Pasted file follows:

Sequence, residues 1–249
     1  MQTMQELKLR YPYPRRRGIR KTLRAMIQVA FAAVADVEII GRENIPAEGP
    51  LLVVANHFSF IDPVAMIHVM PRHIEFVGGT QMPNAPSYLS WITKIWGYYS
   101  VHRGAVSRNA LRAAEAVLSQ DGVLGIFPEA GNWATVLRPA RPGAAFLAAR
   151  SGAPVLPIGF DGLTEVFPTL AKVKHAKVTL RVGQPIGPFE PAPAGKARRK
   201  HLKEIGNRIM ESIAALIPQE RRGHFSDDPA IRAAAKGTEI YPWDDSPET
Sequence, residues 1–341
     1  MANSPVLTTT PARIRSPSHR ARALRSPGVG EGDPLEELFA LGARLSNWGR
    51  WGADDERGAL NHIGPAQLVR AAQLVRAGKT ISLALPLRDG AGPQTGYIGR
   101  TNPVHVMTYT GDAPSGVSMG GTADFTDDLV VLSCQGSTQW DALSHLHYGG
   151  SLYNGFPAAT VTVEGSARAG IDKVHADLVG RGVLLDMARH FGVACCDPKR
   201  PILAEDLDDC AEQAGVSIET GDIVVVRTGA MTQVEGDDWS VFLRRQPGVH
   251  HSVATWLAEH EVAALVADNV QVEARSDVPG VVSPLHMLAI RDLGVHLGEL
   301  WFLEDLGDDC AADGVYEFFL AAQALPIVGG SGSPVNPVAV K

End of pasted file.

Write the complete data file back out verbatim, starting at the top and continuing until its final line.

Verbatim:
Sequence, residues 1–249
     1  MQTMQELKLR YPYPRRRGIR KTLRAMIQVA FAAVADVEII GRENIPAEGP
    51  LLVVANHFSF IDPVAMIHVM PRHIEFVGGT QMPNAPSYLS WITKIWGYYS
   101  VHRGAVSRNA LRAAEAVLSQ DGVLGIFPEA GNWATVLRPA RPGAAFLAAR
   151  SGAPVLPIGF DGLTEVFPTL AKVKHAKVTL RVGQPIGPFE PAPAGKARRK
   201  HLKEIGNRIM ESIAALIPQE RRGHFSDDPA IRAAAKGTEI YPWDDSPET
Sequence, residues 1–341
     1  MANSPVLTTT PARIRSPSHR ARALRSPGVG EGDPLEELFA LGARLSNWGR
    51  WGADDERGAL NHIGPAQLVR AAQLVRAGKT ISLALPLRDG AGPQTGYIGR
   101  TNPVHVMTYT GDAPSGVSMG GTADFTDDLV VLSCQGSTQW DALSHLHYGG
   151  SLYNGFPAAT VTVEGSARAG IDKVHADLVG RGVLLDMARH FGVACCDPKR
   201  PILAEDLDDC AEQAGVSIET GDIVVVRTGA MTQVEGDDWS VFLRRQPGVH
   251  HSVATWLAEH EVAALVADNV QVEARSDVPG VVSPLHMLAI RDLGVHLGEL
   301  WFLEDLGDDC AADGVYEFFL AAQALPIVGG SGSPVNPVAV K